Table: Weight Watching
For years, manufacturers concentrated on "big iron"--expensive servers that do anything from printing files to managing oceans of financial data. Now, penny-pinching customers want to lighten up. Here's what they're asking for:
Data centers cost about $50 million to build. Those prices have led to a surge in sales of pizza box-size servers that can be stacked in racks. Now, computer makers are going smaller with "blade" servers that look like thin PC-cards, and get 20 times the computing punch per rack.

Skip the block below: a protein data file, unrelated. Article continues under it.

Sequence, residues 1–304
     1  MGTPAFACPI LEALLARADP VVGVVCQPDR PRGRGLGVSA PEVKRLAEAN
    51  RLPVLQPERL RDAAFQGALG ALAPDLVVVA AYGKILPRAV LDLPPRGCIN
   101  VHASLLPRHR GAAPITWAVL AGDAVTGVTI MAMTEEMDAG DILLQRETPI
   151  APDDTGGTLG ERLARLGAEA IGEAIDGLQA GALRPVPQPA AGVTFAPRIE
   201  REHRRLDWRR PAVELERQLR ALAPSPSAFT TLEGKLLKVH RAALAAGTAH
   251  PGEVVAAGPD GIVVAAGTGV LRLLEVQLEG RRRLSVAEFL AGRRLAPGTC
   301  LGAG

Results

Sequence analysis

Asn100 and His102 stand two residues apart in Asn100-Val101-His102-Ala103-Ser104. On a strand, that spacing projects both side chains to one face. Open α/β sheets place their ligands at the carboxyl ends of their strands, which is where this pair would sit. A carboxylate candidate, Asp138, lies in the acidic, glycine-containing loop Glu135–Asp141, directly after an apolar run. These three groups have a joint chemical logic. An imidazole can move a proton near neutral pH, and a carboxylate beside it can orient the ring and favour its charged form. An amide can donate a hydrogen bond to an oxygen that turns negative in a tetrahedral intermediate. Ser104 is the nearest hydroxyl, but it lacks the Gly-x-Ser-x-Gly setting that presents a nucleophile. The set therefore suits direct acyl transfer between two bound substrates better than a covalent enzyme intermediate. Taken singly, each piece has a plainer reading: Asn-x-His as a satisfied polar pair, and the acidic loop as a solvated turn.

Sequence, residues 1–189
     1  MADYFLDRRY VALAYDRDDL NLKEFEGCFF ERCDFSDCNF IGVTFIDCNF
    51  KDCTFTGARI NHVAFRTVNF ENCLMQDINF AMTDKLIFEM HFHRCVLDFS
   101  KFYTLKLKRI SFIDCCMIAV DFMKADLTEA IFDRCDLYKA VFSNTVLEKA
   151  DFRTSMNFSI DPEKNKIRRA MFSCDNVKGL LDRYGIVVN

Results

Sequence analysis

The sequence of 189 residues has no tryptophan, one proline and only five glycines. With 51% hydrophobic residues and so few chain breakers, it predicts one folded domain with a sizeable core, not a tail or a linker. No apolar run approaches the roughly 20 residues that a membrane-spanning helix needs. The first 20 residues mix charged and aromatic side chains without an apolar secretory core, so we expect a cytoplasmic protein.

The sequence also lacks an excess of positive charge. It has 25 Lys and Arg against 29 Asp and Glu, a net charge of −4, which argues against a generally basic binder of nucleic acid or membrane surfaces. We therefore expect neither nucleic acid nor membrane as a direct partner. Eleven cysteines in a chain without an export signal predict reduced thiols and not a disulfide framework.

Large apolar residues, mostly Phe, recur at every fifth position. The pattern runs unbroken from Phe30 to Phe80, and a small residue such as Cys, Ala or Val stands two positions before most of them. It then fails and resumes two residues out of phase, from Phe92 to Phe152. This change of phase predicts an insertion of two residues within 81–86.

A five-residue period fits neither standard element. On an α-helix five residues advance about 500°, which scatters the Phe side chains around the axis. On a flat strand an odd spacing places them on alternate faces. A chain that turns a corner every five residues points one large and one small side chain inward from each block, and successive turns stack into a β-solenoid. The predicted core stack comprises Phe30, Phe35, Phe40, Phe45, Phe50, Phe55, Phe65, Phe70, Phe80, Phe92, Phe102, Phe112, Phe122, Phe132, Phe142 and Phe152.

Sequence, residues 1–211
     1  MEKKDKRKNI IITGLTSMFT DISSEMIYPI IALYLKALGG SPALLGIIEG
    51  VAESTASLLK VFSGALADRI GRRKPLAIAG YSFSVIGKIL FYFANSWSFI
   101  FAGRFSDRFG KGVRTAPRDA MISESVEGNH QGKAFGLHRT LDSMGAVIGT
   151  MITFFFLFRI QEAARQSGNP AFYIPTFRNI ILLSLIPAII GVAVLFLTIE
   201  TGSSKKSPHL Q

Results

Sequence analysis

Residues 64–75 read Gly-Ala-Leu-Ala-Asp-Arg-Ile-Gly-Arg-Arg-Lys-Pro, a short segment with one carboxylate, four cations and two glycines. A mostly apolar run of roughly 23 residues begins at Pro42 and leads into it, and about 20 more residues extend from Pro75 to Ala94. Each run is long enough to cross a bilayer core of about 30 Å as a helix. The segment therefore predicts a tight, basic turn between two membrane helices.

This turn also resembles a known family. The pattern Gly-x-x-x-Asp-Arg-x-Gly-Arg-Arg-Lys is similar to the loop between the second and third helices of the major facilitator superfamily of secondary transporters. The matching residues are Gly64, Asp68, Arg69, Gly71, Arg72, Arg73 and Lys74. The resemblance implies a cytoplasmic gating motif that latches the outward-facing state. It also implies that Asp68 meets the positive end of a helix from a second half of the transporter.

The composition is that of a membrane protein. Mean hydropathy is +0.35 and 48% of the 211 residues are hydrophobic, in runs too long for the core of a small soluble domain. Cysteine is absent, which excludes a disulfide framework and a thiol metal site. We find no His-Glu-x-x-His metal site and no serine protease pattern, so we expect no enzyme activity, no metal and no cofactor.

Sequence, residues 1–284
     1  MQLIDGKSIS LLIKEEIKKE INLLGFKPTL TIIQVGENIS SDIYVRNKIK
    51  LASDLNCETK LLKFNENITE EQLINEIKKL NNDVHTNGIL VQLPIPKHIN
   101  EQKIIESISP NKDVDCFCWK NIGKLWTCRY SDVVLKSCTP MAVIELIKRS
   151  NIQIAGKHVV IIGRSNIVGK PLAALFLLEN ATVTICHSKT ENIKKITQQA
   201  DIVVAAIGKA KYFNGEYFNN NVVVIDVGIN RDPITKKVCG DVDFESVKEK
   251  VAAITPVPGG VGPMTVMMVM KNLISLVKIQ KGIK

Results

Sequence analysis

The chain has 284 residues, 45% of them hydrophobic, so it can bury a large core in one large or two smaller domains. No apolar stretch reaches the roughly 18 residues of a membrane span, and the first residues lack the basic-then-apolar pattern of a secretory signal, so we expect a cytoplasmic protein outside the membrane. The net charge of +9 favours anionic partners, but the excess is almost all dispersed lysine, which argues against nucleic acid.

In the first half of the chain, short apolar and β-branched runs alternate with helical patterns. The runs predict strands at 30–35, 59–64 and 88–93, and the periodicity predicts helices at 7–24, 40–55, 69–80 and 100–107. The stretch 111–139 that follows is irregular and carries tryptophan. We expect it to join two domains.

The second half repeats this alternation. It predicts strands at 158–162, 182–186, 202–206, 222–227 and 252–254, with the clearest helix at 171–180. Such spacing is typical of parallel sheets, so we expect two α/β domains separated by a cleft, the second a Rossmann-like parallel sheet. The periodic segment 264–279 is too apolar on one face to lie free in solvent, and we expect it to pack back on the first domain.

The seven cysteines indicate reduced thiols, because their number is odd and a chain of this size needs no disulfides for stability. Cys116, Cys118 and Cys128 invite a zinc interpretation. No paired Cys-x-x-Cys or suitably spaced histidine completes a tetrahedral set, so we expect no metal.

Smaller servers use less power, a big deal given high energy bills. Plus, machines that run cooler can be packed closer to one another, increasing computing power per square foot. Upstarts RLX and FiberCycle are leading the low-power charge. Compaq (CPQ ), Dell (DELL ), and Intel (INTC ) are right behind.
Maintaining servers can cost more than buying them. So server makers are starting to offer machines that can be serviced remotely. IBM (IBM ) is developing technology that can detect server problems and fix them with almost no human help.